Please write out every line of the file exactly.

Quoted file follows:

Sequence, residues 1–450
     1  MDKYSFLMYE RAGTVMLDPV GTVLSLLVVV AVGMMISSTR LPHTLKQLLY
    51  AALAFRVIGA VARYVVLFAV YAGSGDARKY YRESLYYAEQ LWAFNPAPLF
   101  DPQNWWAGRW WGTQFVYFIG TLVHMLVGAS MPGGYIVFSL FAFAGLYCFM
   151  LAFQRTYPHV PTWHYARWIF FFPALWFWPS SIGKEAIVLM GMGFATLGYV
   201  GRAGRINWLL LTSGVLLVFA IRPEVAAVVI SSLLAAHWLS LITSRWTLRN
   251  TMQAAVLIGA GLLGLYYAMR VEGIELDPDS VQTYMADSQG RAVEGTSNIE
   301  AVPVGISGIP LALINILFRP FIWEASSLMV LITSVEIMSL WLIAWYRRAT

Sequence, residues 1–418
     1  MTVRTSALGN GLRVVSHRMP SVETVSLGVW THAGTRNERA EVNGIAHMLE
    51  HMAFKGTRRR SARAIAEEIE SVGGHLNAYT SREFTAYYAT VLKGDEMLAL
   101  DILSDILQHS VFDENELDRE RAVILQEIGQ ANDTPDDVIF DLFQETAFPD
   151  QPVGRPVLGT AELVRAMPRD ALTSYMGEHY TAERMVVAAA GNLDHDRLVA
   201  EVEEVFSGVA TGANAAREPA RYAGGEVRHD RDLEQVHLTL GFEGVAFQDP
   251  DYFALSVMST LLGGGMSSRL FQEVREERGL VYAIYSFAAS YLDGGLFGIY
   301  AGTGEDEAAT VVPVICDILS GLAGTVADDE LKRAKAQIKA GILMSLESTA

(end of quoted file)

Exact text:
Sequence, residues 1–450
     1  MDKYSFLMYE RAGTVMLDPV GTVLSLLVVV AVGMMISSTR LPHTLKQLLY
    51  AALAFRVIGA VARYVVLFAV YAGSGDARKY YRESLYYAEQ LWAFNPAPLF
   101  DPQNWWAGRW WGTQFVYFIG TLVHMLVGAS MPGGYIVFSL FAFAGLYCFM
   151  LAFQRTYPHV PTWHYARWIF FFPALWFWPS SIGKEAIVLM GMGFATLGYV
   201  GRAGRINWLL LTSGVLLVFA IRPEVAAVVI SSLLAAHWLS LITSRWTLRN
   251  TMQAAVLIGA GLLGLYYAMR VEGIELDPDS VQTYMADSQG RAVEGTSNIE
   301  AVPVGISGIP LALINILFRP FIWEASSLMV LITSVEIMSL WLIAWYRRAT

Sequence, residues 1–418
     1  MTVRTSALGN GLRVVSHRMP SVETVSLGVW THAGTRNERA EVNGIAHMLE
    51  HMAFKGTRRR SARAIAEEIE SVGGHLNAYT SREFTAYYAT VLKGDEMLAL
   101  DILSDILQHS VFDENELDRE RAVILQEIGQ ANDTPDDVIF DLFQETAFPD
   151  QPVGRPVLGT AELVRAMPRD ALTSYMGEHY TAERMVVAAA GNLDHDRLVA
   201  EVEEVFSGVA TGANAAREPA RYAGGEVRHD RDLEQVHLTL GFEGVAFQDP
   251  DYFALSVMST LLGGGMSSRL FQEVREERGL VYAIYSFAAS YLDGGLFGIY
   301  AGTGEDEAAT VVPVICDILS GLAGTVADDE LKRAKAQIKA GILMSLESTA